By Daniel Garris
Warner's Mad Max: Fury Road took first place at the daily box office for the first time on Monday with $5.33 million. The critically acclaimed action film starring Tom Hardy and Charlize Theron held up very nicely on Monday, as the film was down just 58 percent from Sunday. Strong word of mouth, skewing heavily to adult moviegoers and the Victoria Day holiday in Canada all helped out Mad Max: Fury Road on Monday. Mad Max: Fury Road surpassed the $50 million mark yesterday and has grossed a very solid $50.76 million in four days. That is in line with expectations and places the film 10 percent behind the $56.25 million four-day start of 2012's Prometheus (which fell 62 percent on its first Monday to gross $5.20 million).
Universal's Pitch Perfect 2 placed in a close second on Monday with $5.21 million. The highly anticipated musical comedy sequel starring Anna Kendrick fell 68 percent from Sunday's performance. With Pitch Perfect 2 skewing heavily towards younger moviegoers, the film should remain more of a weekend film until schools are out of session for the summer. Pitch Perfect 2 surpassed the $70 million mark yesterday and has grossed $74.43 million in four days. The film continues to exceed its already lofty pre-release expectations in a big way and is currently running a very impressive 39 percent ahead of the $53.48 million four-day take of last year's Neighbors (which fell 62 percent on its first Monday to gross $4.44 million).
Avengers: Age of Ultron claimed third place with $3.44 million. The blockbuster superhero sequel from Disney and Marvel fell 70.5 percent from Sunday and 36 percent from last Monday. Avengers: Age of Ultron is the highest grossing release of 2015 to date domestically with an 18-day take of $375.47 million. The film is currently running 19 percent behind the $463.35 million 18-day take of 2012's Marvel's The Avengers and 10 percent ahead of the $340.87 million 18-day gross of 2013's Iron Man 3.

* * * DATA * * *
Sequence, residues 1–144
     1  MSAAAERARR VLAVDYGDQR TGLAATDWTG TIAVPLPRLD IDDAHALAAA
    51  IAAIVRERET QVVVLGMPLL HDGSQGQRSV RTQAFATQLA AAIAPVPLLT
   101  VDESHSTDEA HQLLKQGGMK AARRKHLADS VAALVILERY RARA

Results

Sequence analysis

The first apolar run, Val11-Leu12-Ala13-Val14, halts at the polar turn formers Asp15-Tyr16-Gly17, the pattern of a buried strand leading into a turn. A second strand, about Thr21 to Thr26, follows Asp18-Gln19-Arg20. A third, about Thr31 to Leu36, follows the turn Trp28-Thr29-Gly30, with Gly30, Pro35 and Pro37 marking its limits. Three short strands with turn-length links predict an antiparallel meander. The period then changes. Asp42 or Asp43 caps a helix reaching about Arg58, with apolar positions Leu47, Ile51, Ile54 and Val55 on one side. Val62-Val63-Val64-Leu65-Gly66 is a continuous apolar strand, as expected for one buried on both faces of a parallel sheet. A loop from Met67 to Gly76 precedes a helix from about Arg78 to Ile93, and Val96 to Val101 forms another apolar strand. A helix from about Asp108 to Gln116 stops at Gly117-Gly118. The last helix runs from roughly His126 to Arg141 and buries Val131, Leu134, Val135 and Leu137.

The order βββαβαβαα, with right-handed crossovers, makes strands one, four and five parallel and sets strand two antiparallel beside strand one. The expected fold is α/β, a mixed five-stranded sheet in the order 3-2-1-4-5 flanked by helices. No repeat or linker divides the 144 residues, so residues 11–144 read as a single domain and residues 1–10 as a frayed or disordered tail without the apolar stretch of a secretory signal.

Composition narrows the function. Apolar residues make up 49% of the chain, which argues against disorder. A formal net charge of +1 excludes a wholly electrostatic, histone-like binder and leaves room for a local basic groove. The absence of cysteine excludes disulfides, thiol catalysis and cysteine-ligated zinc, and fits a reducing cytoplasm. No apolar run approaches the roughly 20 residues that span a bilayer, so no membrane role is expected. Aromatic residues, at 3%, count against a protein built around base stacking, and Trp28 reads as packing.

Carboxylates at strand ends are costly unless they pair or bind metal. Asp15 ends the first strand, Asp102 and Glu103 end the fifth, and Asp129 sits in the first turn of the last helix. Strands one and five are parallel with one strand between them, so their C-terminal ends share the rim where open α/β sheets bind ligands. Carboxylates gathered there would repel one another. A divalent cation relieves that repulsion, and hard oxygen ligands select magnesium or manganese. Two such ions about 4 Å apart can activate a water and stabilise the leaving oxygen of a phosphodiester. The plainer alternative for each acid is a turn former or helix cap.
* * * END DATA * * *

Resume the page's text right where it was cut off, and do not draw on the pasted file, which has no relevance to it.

Warner's Hot Pursuit took fourth place with $0.481 million. The comedy from MGM and New Line starring Reese Witherspoon and Sofía Vergara was down 68.5 percent from Sunday and down 50 percent from last Monday. Hot Pursuit has clearly taken a direct hit from Pitch Perfect 2 this week and has grossed a softer than expected $23.93 million in eleven days. That places the film 8 percent behind the $26.10 million eleven-day take of 2011's Something Borrowed.
Duo's Cinematic and Location Based Entertainment (LBE) Knowledge and Experience to Benefit Christie Customers and Partners
CYPRESS, Calif. - (May 19, 2015) - Christie®, the global leader in helping customers create the world's best shared experiences, today announced two promotions within its senior sales and business development team.
Mr. George Scheckel is promoted to the position of Senior Director of Entertainment Solutions - Americas, and Mr. Bryan Boehme promoted to Director of Location Based Entertainment - Americas.
Both will continue to report to Jeff Klaas, Vice President of Sales - Americas. "The combination of industry and technology knowledge brought to the fore by these industry veterans, coupled with their over-riding concern for customer satisfaction, made this a logical and easy decision, and I look forward to continuing my work with these two fine individuals," said Klaas.